A new report lays out in detail the challenges parents face when securing child care in Montana. The study was done by KIDS COUNT Montana, a project of the non-profit Montana Budget and Policy Center.
“The child care challenges that we're talking about today have existed for many years; they've been highlighted even more as the result of the pandemic," says Xanna Burg, KIDS COUNT Coordinator.
Because of the pandemic, KIDS COUNT Montana decided to look through the child care data once again in the Spring of 2021, around the same time the state received over $200 million in COVID-19 relief funds to support child care and early childhood education.
The goal was to find ways to spend those funds on solutions to Montana's lack of affordable and adequate child care.
According to the report, Montana averages just one child care slot for every three kids under the age of six. It also found the average wage for a childcare worker was just under $11 an hour, or about $23,000 a year. That is less than half the wage of a kindergarten teacher and just barely above the poverty level for a family of three.
"Montana does have this really unique opportunity to think about not only short term solutions to help businesses and help families right now, but how can we think long term and really build the system that we need for Montana," says Burg. “That stood out to us as something that's of concern. If we are talking about building a child care system that works, we need to think about paying living wages to the people that are providing essential care to our children."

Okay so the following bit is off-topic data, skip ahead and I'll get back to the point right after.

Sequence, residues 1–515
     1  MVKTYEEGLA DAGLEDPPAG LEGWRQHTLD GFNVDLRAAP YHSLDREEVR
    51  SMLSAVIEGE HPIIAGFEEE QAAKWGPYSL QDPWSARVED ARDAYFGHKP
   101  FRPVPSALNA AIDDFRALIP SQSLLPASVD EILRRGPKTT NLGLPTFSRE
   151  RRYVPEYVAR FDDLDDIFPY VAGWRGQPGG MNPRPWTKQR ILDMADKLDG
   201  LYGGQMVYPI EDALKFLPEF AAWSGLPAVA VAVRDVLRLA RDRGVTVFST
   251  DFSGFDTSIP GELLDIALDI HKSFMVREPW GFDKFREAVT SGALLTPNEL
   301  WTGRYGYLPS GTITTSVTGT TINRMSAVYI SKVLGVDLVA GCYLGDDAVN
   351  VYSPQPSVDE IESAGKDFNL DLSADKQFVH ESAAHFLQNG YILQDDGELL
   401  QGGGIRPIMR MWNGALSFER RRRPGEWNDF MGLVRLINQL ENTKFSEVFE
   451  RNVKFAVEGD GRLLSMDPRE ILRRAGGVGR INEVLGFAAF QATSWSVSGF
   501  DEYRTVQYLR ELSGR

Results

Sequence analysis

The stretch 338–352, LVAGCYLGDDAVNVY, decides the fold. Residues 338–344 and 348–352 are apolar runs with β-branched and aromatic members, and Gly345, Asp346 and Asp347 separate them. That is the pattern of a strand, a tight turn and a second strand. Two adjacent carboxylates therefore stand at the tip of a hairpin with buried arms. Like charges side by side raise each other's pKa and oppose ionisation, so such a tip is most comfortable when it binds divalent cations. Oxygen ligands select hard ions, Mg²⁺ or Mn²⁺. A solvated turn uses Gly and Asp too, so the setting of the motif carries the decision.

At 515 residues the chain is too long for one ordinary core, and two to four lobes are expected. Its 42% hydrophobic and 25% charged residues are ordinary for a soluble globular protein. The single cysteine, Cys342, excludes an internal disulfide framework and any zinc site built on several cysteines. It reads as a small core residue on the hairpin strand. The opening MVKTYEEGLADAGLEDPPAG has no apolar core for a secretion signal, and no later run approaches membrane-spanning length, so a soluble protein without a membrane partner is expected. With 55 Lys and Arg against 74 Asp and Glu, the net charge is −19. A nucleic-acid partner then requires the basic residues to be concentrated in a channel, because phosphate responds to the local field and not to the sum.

Paying workers living wages was not the only solution proposed by the report. They also mentioned using the relief funds to grant child care providers more spots for toddlers and young children, especially in high poverty or rural areas.
“Not addressing the issues that are outlined in this report, really it's going to prolong Montana's recovery. Thinking about the economy as a whole, it's gonna make it harder for businesses to find quality employees. Parents need a reliable and safe place to send their kids in order to show up to work,” says Burg.
KIDS COUNT Montana said labor force participation for mothers with young children dropped 7% between 2019 and 2020 and inadequate childcare costs businesses $55 million and families $145 million in wages.
“Thinking about the big picture, moving our economy forward depends on childcare," says Burg.
Montana KIDS COUNT says they will take their results to the state health advisory commission as they meet and talk about how to use the relief funds.